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An Evening at Blue Point Brewing Company

Blue Point Brewing Company’s delicious beers have long been favorites on the East End. Last year this Patchogue-based brewery brokered a deal with Anheuser-Busch that has allowed it to reach a wider market and produce beer on a larger scale—while still continuing small-scale operations in Patchogue, staffed by the same friendly faces.

I headed to River Avenue to see what all the fuss was about. Upon entering, I was greeted by the overwhelming scent of malt, a cheery crowd of locals, and the upbeat, horn-heavy ska issuing from the stereo. Blue Point’s wood-paneled, Christmas-light-adorned tasting room offers a social, almost club-like atmosphere, and is matched in ambience only by the outdoor patio, which provides beer-sampling patrons with a chance to bask in the sun while seated at one of the inviting picnic tables.

Sales director John Tomasetti greeted me and helped me get set up with a few tastings of Blue Point’s newer and rarer brews (I, like many Long Islanders, am well-versed in their more common offerings, such as the award-winning signature Toasted Lager and hearty RastafaRye Ale).

I started with the Lessing’s Local Ale, a beer brewed specially for the Lessing’s line of family-owned restaurants and hotels, and generally only available at the brewery or at Lessing’s-owned establishments. This beer proved itself to be a refreshing, balanced affair, with a malty finish and some small notes of caramel—basically, something you can just keep on drinking. (Tomasetti informed me that other versions of the Lessing’s Local are occasionally available, including Lessing’s Local Blonde and the holiday-themed Lessing’s Local Cheer).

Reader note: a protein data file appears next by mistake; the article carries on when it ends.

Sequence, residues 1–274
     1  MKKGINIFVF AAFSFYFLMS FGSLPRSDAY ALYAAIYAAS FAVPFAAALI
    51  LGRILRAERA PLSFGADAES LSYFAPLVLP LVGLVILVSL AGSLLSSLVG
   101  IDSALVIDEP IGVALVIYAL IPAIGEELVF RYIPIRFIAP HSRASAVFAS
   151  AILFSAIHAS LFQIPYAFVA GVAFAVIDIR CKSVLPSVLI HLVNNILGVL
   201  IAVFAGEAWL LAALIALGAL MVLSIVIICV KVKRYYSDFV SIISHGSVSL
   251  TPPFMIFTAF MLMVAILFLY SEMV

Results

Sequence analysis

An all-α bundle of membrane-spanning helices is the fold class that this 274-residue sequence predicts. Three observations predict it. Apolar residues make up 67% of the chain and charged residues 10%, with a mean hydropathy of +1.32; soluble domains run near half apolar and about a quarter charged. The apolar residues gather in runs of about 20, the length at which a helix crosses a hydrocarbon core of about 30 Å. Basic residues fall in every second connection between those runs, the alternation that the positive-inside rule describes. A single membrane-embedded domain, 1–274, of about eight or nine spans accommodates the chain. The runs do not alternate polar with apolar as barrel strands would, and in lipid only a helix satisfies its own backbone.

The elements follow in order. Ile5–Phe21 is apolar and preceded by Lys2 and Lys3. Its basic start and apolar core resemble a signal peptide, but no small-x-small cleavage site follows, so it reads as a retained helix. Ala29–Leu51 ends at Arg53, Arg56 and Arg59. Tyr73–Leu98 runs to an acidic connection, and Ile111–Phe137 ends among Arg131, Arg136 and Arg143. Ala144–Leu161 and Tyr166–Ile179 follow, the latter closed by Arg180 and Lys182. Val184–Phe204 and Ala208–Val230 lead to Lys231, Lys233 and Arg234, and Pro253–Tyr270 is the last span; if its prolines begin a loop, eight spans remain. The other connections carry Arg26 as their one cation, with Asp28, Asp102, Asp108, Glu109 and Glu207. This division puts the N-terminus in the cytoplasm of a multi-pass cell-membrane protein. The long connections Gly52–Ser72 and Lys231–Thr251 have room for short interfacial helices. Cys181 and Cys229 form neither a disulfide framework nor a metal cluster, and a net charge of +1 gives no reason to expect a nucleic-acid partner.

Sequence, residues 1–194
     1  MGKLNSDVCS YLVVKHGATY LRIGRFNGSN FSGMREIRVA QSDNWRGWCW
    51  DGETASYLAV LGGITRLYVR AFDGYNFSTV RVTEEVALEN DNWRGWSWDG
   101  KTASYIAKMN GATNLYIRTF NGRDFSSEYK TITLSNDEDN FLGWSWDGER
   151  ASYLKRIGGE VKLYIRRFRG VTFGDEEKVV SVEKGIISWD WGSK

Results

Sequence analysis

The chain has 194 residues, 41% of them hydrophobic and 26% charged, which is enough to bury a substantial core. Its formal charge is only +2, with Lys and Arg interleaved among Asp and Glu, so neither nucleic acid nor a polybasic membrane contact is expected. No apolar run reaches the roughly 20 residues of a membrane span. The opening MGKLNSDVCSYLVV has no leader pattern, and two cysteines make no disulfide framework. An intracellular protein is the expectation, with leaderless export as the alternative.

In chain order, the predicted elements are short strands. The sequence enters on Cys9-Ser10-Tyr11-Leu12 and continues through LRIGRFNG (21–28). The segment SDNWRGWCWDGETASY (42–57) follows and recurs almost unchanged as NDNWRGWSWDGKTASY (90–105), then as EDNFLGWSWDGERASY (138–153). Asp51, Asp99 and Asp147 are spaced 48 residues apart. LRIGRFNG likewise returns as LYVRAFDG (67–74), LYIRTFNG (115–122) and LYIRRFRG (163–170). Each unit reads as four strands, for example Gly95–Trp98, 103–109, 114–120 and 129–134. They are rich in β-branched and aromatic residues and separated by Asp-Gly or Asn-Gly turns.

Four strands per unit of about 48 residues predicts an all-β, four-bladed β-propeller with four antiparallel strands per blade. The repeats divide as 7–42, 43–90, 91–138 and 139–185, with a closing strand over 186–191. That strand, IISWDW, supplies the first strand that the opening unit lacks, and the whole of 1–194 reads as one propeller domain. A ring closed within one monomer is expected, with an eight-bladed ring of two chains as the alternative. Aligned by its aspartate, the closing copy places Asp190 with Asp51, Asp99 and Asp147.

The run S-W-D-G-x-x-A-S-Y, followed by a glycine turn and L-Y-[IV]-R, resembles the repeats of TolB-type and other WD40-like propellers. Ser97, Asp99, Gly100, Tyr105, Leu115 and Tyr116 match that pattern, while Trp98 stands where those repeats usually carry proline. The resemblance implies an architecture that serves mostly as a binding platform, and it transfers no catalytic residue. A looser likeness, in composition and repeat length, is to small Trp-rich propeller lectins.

Next up was the Roasted Stout, another brewery-only beer. This dry Irish stout is dispensed via a nitro tap, meaning that the beer is nitrogenated rather than carbonated, which allows it to be creamier and smoother on the tongue. The Roasted Stout was thus quite creamy, but the thick mouthfeel didn’t take away from its robust flavor (as can sometimes happen with nitro stouts).

In keeping with the nitro theme, I then tried a comparison between the Mosaic IPA and its nitro counterpart. Mosaic itself, which I was already familiar with, is a strikingly savory session IPA, with enough hoppiness to fit the style but without too much of a kick. Its nitro counterpart was like Mosaic on steroids, silky and smooth while still retaining the flavor of the original.

The Sour Cherry Imperial Stout is another brew which is currently only available on tap. Though not quite as sour as its name suggests, this one was heavy and complex, and tasted more of chocolate than cherry (though a teasing hint of berry made its presence known towards the end). Clocking in at 9% ABV, this one packs a punch, but you’d never notice.

Head Brewer Mark Weinert (who, like Blue Point’s president, is a veteran in the beer industry and previously worked for Goose Island Beer Company), assured me that despite Blue Point’s recent partnership with Anheuser-Busch, “we don’t want to change anything!” Weinert, when asked about upcoming brews, ticked off the usual lineup of “pumpkin ale, Oktoberfest, winter ale.” He explained that when it comes to new brews, it “goes through the brewers first,” and if all of them enjoy it enough, it’s given a test run at the brewery. Depending on customer response, the brew may then be released to the greater public.

Blue Point is, of course, available at a wide range of Long Island establishments, but they also make it their business to attend and sponsor events across the state (and the entire East Coast). The more common beers remain available year-round, but the beer on tap at the brewery changes often—so next time you’re in the mood for something a little different, head over to Patchogue and
see what’s new!

Blue Point Brewing Company, 161 River Avenue, Patchogue, 631-475-6944, bluepointbrewing.com.

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